Your mother, father, or another elderly loved one may get to a point in their life when they can no longer care for themselves. When this happens, you may want to take on the responsibility of being their caregiver. While there are plenty of benefits (cost, comfort, and familiarity) of taking on their care by yourself, it may not be in your loved one’s or your best interest. To help you decide how to approach your loved one’s care, here are four questions to ask yourself:
1. Am I capable of handling the responsibility of being a caregiver by myself?
Caring for an elderly loved one is a big responsibility. As a caregiver, you are responsible for someone else’s safety, well-being, and quality of life. Because of this, the first—and most important—question to ask yourself is whether you’re capable of handling the responsibility by yourself. If you aren’t sure, don’t be afraid to admit it! There is no shame in asking for help—from other family members or a senior care agency.
2. Will I be able to take breaks when I need to?
We all experience those days when we just don’t feel like doing anything. When this happens to you, maybe you like to read a book, go for a walk, or just spend the day lounging around. As a loved one’s caregiver, will you have opportunities to take breaks? Will you be able to leave your loved one for periods at a time, or will they need constant attention?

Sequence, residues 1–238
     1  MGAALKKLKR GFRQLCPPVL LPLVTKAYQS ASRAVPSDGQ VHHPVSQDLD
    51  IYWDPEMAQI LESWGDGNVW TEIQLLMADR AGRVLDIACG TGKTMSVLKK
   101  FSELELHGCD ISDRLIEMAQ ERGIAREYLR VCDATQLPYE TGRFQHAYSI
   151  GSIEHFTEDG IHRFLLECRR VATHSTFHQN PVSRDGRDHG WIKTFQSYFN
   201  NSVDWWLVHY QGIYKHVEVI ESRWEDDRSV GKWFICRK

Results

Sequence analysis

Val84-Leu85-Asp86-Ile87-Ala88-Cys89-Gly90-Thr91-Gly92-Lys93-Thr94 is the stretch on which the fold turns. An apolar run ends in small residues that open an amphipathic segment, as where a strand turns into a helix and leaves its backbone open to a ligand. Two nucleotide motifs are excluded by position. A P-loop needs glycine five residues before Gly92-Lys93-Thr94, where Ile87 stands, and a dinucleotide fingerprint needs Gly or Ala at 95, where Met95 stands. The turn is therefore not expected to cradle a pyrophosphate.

3. Can I balance my work and personal life with being a caregiver?
Will you be able to balance your existing job, your social life, and other obligations with being a loved one’s caregiver? While you may be willing to make sacrifices for their well-being, you may end up resentful if you have to sacrifice too much. That resentment could end up harming your relationship with your loved one over time.
4. How will being a caregiver affect my mental or physical health?
Just like with any other job, being a caregiver can take a toll on you—mentally and physically. You’ll need to consider how much of a toll it may have on you. For example, if your loved one needs mobility assistance, you may have to physically help them around the house, which can be hard on your body. If your loved one is struggling with Alzheimer’s or dementia, will you be able to handle the emotional or mental stress of caring for them on a daily basis?
If you aren’t sure whether you can provide the amount and quality of care that your loved one needs or you’re feeling overwhelmed with the responsibility, contact us. We can personalize a care plan to give you the relief and assistance you need. Maybe you just need a break here and there. In this case, respite care can help take some of the weight off of your shoulders. Our caregivers can also provide more frequent care to fit your schedule and needs. Learn more about the different types of senior care below.